Safeguarding: 6 priorities for transformative action

23 August 2018
Author: Sarah Mistry

This week, 240 people from 183 organisations came together to work on creating sustainable sector-wide solutions to safeguarding. Our Safeguarding for Development event updated Bond members on the sector’s collective progress in driving up safeguarding standards and provided an opportunity to share experiences.

We were keen to ensure that civil society owns and leads this important agenda, so the day focused on NGO-led initiatives that aim to improve safeguarding practice in our organisations and across the sector. These include short-term practical tools and guidance, but they also begin to address the underlying issues of power and inequality that must be tackled over the long term to achieve true cultural change. 

Our recent survey of members gave clear indications of the extent of the support and guidance that the sector needs, both in terms of training and peer learning, but also in developing and embedding policies. Bond is committed to supporting members in this work, and we will be announcing further packages of support in the coming weeks.

We were delighted to host NGOs from Kenya and Tanzania, who contributed their direct experience of supporting better safeguarding practice. We also heard from DFID’s Safeguarding Unit, the Charity Commission, and Bond’s partners BWB and Cigna.

The sector came together with energy, creativity and conviction, and with an unprecedented generosity to share expertise across the network.  All our members are committed to individual and collective action to ensure that everyone involved in development and humanitarian assistance is treated with respect and protected from sexual exploitation, abuse and harassment.  

From workshop sessions covering accountability and participation; the employment cycle; working with partners; complaints and reporting, six themes emerged as priorities for action:

1. Consistent solutions

Inconsistency in safeguarding practices and approaches to employment emerged as a big issue. We need more consistency across our organisations – for example, in the way that references are given – and to work to agreed good practice, including formal standards where appropriate. NGOs support sector-wide solutions, but these need to  be proportionate for different-sized organisations and customised to different contexts.

2. Clarity from the Charity Commission and DFID

We support the work done by the Charity Commission and DFID to clarify due diligence requirements and reporting expectations. But there are still grey areas to be cleared up. For example, what do words like “appropriate” and “reasonable” mean in reality? We would be happy to be consulted and provide constructive feedback.

3. Examples to follow 

We want to hear examples of good practice on the ground, how cases have been handled - including when things go wrong - and how risks and trade-offs have been managed. This also came through in our recent survey of members, with 62% of organisations saying they would find case studies from other organisations useful.

4. A view of partners as sources of expertise

We want to challenge the view that partners are “liabilities”, when they are actually a vital source of knowledge and expertise. Where an INGO works in one country with the same local partner as another INGO, could a single “due diligence” check suffice? Bond is committed to working with other civil society platforms in Europe and globally to support civil society organisations in their safeguarding practice.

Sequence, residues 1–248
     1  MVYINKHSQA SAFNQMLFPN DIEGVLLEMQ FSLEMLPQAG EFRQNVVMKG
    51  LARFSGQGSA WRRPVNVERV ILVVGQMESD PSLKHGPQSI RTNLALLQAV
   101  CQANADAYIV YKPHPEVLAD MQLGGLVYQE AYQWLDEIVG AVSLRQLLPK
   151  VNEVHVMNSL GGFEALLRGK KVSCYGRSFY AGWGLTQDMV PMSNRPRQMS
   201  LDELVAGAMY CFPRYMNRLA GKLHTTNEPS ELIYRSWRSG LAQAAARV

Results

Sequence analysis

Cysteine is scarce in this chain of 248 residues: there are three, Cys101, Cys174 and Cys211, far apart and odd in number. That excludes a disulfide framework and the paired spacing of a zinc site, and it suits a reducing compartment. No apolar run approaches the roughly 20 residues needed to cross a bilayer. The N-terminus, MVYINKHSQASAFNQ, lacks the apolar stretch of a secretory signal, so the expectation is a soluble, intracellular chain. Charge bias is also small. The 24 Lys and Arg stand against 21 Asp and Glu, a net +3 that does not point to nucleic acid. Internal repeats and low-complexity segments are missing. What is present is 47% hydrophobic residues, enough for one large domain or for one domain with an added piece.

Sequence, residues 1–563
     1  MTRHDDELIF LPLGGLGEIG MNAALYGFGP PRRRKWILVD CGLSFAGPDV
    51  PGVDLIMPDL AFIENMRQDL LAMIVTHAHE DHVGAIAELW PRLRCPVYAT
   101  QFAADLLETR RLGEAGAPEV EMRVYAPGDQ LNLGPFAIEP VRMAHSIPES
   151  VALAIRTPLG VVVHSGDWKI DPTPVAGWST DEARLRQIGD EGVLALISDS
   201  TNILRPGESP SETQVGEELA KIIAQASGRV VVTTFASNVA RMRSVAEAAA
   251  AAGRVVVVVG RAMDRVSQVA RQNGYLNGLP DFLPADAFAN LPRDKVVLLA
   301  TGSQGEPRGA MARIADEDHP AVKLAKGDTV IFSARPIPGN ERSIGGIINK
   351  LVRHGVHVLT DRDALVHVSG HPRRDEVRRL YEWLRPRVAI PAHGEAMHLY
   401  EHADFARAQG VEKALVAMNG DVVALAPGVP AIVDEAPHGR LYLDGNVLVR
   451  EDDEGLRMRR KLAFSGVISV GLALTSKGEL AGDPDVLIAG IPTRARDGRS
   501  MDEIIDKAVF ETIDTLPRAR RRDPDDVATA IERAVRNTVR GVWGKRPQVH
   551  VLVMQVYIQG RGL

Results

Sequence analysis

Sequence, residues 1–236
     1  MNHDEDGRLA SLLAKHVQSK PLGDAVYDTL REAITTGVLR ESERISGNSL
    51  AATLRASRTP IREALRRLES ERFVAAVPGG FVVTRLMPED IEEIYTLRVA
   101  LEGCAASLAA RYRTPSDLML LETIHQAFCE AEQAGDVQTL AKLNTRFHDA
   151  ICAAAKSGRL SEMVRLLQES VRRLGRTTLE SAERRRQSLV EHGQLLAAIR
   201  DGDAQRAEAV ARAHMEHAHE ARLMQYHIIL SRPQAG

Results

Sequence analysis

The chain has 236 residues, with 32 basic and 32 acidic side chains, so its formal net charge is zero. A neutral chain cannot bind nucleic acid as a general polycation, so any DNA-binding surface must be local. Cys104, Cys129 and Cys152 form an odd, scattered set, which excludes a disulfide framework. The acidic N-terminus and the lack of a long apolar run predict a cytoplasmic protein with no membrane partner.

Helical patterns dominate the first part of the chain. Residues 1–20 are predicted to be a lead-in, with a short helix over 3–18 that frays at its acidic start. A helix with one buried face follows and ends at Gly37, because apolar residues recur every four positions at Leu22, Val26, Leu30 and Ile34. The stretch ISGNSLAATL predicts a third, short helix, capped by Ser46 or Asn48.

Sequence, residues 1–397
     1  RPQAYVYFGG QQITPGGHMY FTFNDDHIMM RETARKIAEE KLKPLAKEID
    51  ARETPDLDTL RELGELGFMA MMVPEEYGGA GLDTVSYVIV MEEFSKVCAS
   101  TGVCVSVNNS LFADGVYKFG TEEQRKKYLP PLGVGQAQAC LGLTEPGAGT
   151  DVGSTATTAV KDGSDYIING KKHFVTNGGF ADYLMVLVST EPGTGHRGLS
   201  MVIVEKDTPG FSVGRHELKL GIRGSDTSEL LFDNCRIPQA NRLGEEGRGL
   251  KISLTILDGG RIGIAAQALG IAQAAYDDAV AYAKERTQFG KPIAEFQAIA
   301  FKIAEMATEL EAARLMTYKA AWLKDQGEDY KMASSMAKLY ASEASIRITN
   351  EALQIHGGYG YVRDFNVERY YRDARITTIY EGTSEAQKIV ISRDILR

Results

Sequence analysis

5. A focus on survivors and victims 

A victim or survivor-centred approach is paramount, and we have more work to do in ensuring this permeates our culture and processes. A suggestion was made that NGOs, DFID country offices and others could coordinate support services for survivors in-country.

6. A commitment to change long-term 

It’s a marathon, not a sprint. These new standards in safeguarding must be part of longer-term transformation. Organisations need to integrate safeguarding into the fabric of their work, adapting to the emerging opportunities for good practice and collective solutions to be adopted. We need brave leadership to  address the power and gender imbalances that undermine the achievement of development and humanitarian goals. 

We will be working with our members to develop a draft leadership charter, including a set of commitments for senior leadership, clarifying responsibilities and full spectrum accountability around all forms of violence, exploitation, and abuse by their staff, consultants, and volunteers.

4 points for DFID to consider  

At the event, Fiona Power from DFID emphasised that safeguarding is a critical agenda for the secretary of state for international development, not just within DFID but also across Whitehall.  In our breakout groups, we came up with four important points that we want DFID to take into account:  

The sector wants DFID to:

  1. Recognise that safeguarding is a long-term goal.
  2. Consider a central safeguarding fund to build capacity. 
  3. Be transparent on policy and compliance requirements and work with other donors
  4. View downstream partners as assets, not liabilities.

We’ve been working closely with DFID and will be contributing to its Safeguarding Summit on 18 October, when we will set out the commitments of the NGO sector.  In the next few days, we’ll let you know how you can contribute to that process with a set of ambitious but achievable commitments that speak to our missions and ensure we take creative, people-centred approaches. 

About the author

Sarah Mistry
Bond

Sarah is director of programmes and partnerships at Bond.